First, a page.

Chichester parkrun #259: Now We are 5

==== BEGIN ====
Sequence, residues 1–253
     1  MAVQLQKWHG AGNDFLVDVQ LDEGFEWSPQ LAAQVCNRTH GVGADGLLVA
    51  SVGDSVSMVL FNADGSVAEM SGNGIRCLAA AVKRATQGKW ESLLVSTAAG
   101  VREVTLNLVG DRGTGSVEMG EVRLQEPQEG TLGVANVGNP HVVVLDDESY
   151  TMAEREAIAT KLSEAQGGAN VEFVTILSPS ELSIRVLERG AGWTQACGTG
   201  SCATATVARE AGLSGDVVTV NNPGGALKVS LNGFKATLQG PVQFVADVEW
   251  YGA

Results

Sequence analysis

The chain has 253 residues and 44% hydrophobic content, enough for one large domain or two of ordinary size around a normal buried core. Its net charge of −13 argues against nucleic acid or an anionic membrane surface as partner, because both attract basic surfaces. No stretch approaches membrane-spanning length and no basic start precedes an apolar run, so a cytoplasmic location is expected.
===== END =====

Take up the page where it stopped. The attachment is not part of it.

In just 5 years, Chichester parkrun has taken place on 258 separate occasions, which have been made possible by 542 volunteers assisting in a total of 4,410 roles to allow 6,885 participate a total of 41,078 finishes. As of today, with our record breaking attendance of 360 finishers, we begin the next 5 years welcoming 67 first timers and 58 runners achieving new Personal Bests. In today's event, Peter expertly guided us through the run brief and introduced our special guest, the Right Worshipful Mayor of Chichester, Richard Plowman, who also started the runners off. Our wonderful band of volunteers this week were: Robert SPENCER • Kevin WILLIAMS • Mike HOUSTON • Jane TAYLOR • Lynette WOODWARD • Margaret ENSTONE • Paul STALLARD • Vanessa FRANKLIN • Lis PESKETT • Geoff SUMNER • Louise WEST • Peter ANDERSON • Peppy ANCKORN • Steve WHITMEE • Jane BUCKLEY • Sanchia STANLEIGH-TURNER • Liz STANLEIGH-TURNER • Flo DUDLEY • Phillip LOW • Marieann DICKER • Jane MOODIE • Sheenagh BROADHURST • Judith NORTH • Theo WEST. We remembered Peter Chittenden and Laura Bagnall who were with us on our first parkrun and are sadly no longer with us, but no doubt looking down today. 360 people ran, jogged and walked the course, of whom 67 were first timers and 58 recorded new Personal Bests. Representatives of 37 different clubs took part. Leo Stallard, Chris West and James Hampshire were the first men over the line in under 18 minutes. Juliet Stallard, Jessica Thomson and Lucie West were the first women. The parkrunner with the greatest total number of parkruns attended (all over the country) was Robert Spencer, who has done 467 events.